Here, then, begins the vertiginous rush into the craze for Op fashion of the mid-sixties. Coverage was not limited to the fashion trade, although Vogue, Harper’s, Women’s Wear Daily, and other style magazines weighed in on the phenomenon exhaustively. In addition to design magazines, which seized upon Op as an important trend in interior décor, local American papers from all across the country clamored to get a piece of the Newest Thing. Days after the opening, photos appeared in the papers documenting the wild and vibrant styles that various artists, collectors, and socialites wore to the event. Black and white was the order of the evening, taking the form of checks, stripes, dots, and mind-numbing patterns. Ethel Scull attended with Warhol on her arm, mysterious behind huge black glasses and a wavy line lame suit. Larry Rivers showed up wearing two ties, one black, one red, as if playfully dressing the part of an afterimage. Store windows in New York – Bonwit’s, I. Miller, Lord and Taylor, Elizabeth Arden, and Altman’s among them – all scurried to showcase the new fashions against equally eye-popping backdrops. “Op fabrics, Op stockings, Op maternity wear, Op everything,” one reporter put it, “exploded on the style scene.” There were even such inventions such as Op restaurants, Op beachwear and, improbably enough, Op girdles. And in a presumably unironic twist, Women’s Wear Daily reported on Op cosmetics, highlighting a fanciful new way of adorning the eyes. In record time, then, Op became something of a media spectacle. It even made it to the airwaves in a show hosted by no less of an art authority than Mike Wallace, entitled “Eye on New York.”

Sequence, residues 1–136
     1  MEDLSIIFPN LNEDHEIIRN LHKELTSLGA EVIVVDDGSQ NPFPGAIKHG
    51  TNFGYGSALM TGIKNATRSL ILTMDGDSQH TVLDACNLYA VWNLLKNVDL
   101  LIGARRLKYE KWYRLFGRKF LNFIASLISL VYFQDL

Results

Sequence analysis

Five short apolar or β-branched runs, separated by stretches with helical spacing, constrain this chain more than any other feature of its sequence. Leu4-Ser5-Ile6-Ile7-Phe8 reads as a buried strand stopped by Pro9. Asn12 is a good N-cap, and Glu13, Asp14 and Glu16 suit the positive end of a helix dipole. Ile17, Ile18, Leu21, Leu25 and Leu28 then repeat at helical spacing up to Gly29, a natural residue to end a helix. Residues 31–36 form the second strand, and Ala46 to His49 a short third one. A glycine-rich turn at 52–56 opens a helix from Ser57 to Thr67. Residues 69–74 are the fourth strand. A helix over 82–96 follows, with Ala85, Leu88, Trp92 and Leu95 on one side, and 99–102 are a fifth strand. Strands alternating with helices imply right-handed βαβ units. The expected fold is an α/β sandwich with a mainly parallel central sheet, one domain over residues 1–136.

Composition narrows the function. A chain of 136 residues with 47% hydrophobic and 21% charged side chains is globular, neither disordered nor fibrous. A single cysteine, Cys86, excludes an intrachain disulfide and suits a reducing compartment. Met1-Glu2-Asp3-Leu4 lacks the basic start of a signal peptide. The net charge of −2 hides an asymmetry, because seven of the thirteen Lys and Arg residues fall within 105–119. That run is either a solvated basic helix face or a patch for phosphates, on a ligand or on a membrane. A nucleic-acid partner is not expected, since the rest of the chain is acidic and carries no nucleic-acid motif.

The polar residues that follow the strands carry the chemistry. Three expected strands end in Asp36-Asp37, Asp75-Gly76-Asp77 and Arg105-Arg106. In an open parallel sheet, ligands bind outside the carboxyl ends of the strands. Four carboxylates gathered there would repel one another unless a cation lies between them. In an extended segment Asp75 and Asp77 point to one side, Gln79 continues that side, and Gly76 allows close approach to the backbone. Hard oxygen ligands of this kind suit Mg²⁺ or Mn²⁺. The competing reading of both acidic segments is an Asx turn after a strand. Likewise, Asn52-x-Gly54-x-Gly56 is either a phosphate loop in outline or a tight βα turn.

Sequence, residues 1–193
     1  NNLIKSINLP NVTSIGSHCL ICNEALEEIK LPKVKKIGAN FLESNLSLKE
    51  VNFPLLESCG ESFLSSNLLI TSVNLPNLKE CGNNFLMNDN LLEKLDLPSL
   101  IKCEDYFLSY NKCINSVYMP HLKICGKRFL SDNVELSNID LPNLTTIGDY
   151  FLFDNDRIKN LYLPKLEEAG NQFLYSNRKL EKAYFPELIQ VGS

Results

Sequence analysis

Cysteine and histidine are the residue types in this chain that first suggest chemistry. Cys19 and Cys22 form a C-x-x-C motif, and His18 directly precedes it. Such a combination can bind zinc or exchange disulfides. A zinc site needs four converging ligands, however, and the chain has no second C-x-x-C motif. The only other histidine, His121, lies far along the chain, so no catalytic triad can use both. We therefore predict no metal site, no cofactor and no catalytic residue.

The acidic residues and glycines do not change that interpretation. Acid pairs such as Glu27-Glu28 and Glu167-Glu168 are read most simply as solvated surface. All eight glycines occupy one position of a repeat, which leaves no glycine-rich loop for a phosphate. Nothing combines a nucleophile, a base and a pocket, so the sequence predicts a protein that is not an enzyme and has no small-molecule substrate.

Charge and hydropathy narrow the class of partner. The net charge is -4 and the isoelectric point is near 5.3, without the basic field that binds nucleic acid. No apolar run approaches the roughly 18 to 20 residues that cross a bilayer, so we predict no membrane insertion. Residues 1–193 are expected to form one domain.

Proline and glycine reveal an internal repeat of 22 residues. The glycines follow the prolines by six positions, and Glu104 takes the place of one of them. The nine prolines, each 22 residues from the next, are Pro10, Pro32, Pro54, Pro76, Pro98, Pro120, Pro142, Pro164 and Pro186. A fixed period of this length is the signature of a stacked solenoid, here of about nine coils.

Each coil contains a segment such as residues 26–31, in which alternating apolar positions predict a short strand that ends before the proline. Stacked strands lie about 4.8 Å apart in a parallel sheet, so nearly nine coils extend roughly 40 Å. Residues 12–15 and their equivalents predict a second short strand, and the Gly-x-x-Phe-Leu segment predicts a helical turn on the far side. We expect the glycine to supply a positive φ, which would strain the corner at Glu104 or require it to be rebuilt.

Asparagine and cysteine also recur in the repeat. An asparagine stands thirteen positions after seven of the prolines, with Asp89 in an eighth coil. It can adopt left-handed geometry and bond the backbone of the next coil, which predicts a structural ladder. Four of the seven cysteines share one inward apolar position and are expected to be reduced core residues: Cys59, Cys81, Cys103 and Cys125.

Hesitate (1964), Bridget Riley. In the collection of the Tate.